Insurance groups are wrangling with regulators on defining a few key terms that will significantly alter how they do business under the new health reform law. Kaiser Health News
: "[S]tate and federal officials are wrestling with how to define 'unreasonable' premium increases, a thorny issue Congress has handed regulators. The definition is critical because the law requires review and justification for premium increases deemed unreasonable, starting this year. Federal regulators do not have authority to outright deny rate increases, although the provision could help them pressure insurers hold down premiums." But it is unclear what defines "unreasonable." "Even the National Association of Insurance Commissioners, representing appointed and elected state regulators, could not reach consensus on a single definition. Instead, the NAIC sent a letter this week to the Department of Health and Human Services suggesting 11 options for defining a 'potentially unreasonable' premium increase." States will retain authority to oversee health insurance premium pricing, but insurers are pushing for a definition to be tied to factors such as an insurer's ability to pay estimated claims costs (Appleby, 5/17).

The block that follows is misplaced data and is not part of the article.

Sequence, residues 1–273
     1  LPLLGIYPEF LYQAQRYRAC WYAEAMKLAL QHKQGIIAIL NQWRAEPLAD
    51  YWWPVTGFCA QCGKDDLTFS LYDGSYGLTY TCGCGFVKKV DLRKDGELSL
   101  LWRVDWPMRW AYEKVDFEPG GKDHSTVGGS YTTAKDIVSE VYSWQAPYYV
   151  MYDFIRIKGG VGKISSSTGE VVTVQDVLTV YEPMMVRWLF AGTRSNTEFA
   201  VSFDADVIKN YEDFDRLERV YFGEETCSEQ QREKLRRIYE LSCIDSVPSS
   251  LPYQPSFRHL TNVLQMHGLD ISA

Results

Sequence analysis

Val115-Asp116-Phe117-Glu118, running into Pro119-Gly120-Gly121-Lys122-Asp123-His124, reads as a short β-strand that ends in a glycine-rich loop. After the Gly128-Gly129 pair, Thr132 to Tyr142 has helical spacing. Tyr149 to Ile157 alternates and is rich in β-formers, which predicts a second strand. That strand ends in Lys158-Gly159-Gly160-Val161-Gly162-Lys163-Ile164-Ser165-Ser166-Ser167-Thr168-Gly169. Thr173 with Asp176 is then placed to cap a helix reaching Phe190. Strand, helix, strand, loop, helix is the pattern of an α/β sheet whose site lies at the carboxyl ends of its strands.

America's Health Insurance Plans, the lead insurer lobbying group, is leading the charge for inclusions of things like the fraud and appeal investigations in the medical-loss ratios, Modern Healthcare
reports. "America's Health Insurance Plans, the trade group for 1,300 insurers, said that bundled payments to providers should be included in the medical-loss ratio as reimbursement for clinical services provided. Some provider groups have urged HHS to only include direct patient services by licensed providers as part of this calculation. ... In a public comment letter to HHS, AHIP wrote that all disease-management, wellness and care-coordination programs; nurse call lines; patient-safety efforts; education; and value-based purchasing programs such as pay-for-performance and gainsharing be classified in the ratio as quality-improvement activities." Others, such as the Federation of American Hospitals, argue that only programs that improve patient quality should be allowed (Vesely, 5/16).